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Autopoietic Organizations and Social Systems

  • John Mingers
Part of the Contemporary Systems Thinking book series (CST)

Abstract

The concept of autopoiesis clearly was developed in order to explain the specific domain of physical, living systems. However, from the start it has been suggested that other types of entities, particularly human Organizations (“Organization” will refer to clubs, businesses, etc., while “organization” will mean Maturana’s and Varela’s term) and societies exhibit the same characteristics that autopoiesis explains in physical, living systems; namely, autonomy and the persistence and maintenance of identity despite wholesale changes of structure and turnover of components. Therefore, might they too be autopoietic? Various authors have considered this question, and Stafford Beer was characteristically enthusiastic in his Preface to “Autopoietic Systems” (1975, p. 70):

I ask for permission actively to enter this arena of discussion. ... For I am quite sure of the answer: yes, human societies are biological systems. ... any cohesive social institution is an autopoietic system—because it survives, because its methods of survival answer the autopoietic criteria, and because it may well change its entire appearance and its apparent purpose in the process. As examples I list: firms and industries, schools and universities, clinics and hospitals, professional bodies, departments of state and whole countries.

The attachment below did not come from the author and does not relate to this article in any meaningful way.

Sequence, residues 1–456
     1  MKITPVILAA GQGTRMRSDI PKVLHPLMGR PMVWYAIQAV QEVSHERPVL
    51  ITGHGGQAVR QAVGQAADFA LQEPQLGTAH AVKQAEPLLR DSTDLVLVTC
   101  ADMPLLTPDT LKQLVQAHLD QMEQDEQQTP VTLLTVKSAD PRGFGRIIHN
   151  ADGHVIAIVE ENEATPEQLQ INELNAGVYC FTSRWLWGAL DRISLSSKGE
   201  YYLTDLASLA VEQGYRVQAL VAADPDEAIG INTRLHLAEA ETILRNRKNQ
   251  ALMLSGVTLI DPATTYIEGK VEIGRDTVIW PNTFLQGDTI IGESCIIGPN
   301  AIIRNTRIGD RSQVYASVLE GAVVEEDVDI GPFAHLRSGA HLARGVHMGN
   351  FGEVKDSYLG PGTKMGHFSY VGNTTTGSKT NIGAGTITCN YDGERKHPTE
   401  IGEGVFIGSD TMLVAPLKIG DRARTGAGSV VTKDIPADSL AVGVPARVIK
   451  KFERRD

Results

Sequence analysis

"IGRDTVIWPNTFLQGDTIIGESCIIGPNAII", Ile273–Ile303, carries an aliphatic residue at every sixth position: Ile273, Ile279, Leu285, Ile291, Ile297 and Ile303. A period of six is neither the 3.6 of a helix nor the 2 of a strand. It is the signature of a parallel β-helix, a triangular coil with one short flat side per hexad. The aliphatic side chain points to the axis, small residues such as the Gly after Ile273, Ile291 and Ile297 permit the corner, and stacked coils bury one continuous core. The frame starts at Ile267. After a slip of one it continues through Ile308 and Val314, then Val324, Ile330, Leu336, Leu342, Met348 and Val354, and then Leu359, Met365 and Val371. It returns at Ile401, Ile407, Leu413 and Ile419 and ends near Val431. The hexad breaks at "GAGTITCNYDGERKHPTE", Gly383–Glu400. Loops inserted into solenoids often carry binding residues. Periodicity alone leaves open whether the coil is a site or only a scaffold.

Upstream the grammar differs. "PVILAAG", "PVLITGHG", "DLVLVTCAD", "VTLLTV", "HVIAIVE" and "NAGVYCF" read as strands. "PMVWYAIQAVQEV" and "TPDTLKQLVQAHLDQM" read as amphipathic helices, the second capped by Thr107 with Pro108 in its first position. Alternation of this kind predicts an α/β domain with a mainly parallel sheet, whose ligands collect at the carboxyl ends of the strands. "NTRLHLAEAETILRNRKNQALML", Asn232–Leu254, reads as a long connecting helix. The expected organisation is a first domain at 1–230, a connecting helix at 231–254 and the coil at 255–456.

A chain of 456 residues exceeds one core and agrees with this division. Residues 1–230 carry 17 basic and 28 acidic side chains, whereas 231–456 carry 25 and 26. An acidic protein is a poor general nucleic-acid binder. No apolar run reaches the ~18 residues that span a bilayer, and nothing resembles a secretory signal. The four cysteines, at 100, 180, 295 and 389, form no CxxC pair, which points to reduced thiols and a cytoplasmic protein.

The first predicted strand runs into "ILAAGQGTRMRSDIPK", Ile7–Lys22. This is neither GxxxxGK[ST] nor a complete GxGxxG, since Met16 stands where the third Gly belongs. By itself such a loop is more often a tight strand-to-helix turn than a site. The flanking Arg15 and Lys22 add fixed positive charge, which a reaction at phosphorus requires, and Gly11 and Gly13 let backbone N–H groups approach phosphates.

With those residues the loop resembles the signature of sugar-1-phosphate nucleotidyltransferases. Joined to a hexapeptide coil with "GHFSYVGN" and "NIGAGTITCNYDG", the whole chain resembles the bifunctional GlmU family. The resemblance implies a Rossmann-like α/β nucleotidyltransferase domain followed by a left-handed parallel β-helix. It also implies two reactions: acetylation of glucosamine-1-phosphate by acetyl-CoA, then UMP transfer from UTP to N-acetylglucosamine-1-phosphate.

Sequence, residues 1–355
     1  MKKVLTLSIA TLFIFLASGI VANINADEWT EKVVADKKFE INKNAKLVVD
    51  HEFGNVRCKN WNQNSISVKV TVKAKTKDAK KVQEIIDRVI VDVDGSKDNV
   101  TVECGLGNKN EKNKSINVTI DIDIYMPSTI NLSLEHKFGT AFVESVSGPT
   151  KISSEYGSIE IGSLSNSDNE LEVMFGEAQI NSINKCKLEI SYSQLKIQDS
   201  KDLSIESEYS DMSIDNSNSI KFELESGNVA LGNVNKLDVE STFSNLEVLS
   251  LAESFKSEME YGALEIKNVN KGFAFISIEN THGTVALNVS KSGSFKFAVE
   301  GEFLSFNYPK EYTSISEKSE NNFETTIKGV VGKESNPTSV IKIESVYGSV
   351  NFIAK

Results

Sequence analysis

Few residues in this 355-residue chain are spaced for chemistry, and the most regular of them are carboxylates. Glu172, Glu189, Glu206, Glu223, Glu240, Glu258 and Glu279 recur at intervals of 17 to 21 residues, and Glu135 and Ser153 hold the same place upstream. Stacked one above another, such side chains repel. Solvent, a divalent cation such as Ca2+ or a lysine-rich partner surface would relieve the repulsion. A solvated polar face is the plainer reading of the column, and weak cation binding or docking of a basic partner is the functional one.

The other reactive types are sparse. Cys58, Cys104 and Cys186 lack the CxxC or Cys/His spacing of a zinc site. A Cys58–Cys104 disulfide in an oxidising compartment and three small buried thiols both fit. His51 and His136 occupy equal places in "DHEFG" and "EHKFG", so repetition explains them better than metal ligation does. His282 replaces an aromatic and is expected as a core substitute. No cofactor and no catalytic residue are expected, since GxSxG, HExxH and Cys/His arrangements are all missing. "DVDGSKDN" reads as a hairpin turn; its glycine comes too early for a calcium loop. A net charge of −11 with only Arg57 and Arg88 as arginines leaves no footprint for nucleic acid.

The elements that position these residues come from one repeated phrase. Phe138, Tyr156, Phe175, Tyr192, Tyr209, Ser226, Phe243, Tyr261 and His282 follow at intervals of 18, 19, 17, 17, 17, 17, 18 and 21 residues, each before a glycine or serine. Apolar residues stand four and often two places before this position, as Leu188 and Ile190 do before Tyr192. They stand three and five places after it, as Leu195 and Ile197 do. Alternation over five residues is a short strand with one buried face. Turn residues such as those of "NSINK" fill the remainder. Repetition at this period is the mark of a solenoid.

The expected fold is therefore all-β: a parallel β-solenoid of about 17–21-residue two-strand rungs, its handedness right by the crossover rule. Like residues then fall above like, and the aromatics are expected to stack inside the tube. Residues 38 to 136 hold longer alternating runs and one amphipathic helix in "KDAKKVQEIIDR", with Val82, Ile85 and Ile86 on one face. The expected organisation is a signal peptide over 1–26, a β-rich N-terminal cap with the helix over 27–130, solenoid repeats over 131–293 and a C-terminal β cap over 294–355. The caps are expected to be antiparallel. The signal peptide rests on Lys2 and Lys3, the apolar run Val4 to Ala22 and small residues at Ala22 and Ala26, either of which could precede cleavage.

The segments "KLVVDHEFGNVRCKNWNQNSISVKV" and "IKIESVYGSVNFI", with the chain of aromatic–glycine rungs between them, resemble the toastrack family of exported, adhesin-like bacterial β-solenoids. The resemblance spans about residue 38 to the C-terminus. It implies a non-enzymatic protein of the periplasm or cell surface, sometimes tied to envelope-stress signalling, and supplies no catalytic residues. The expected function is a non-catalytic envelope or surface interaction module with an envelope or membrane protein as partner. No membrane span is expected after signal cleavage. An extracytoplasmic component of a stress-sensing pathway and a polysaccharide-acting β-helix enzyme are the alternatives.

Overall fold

Keywords

Social System Social Domain Structural Coupling Autopoietic System Organizational Closure 
These keywords were added by machine and not by the authors. This process is experimental and the keywords may be updated as the learning algorithm improves.

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Copyright information

© Springer Science+Business Media New York 1995

Authors and Affiliations

  • John Mingers
    • 1
  1. 1.University of WarwickCoventryEngland, UK

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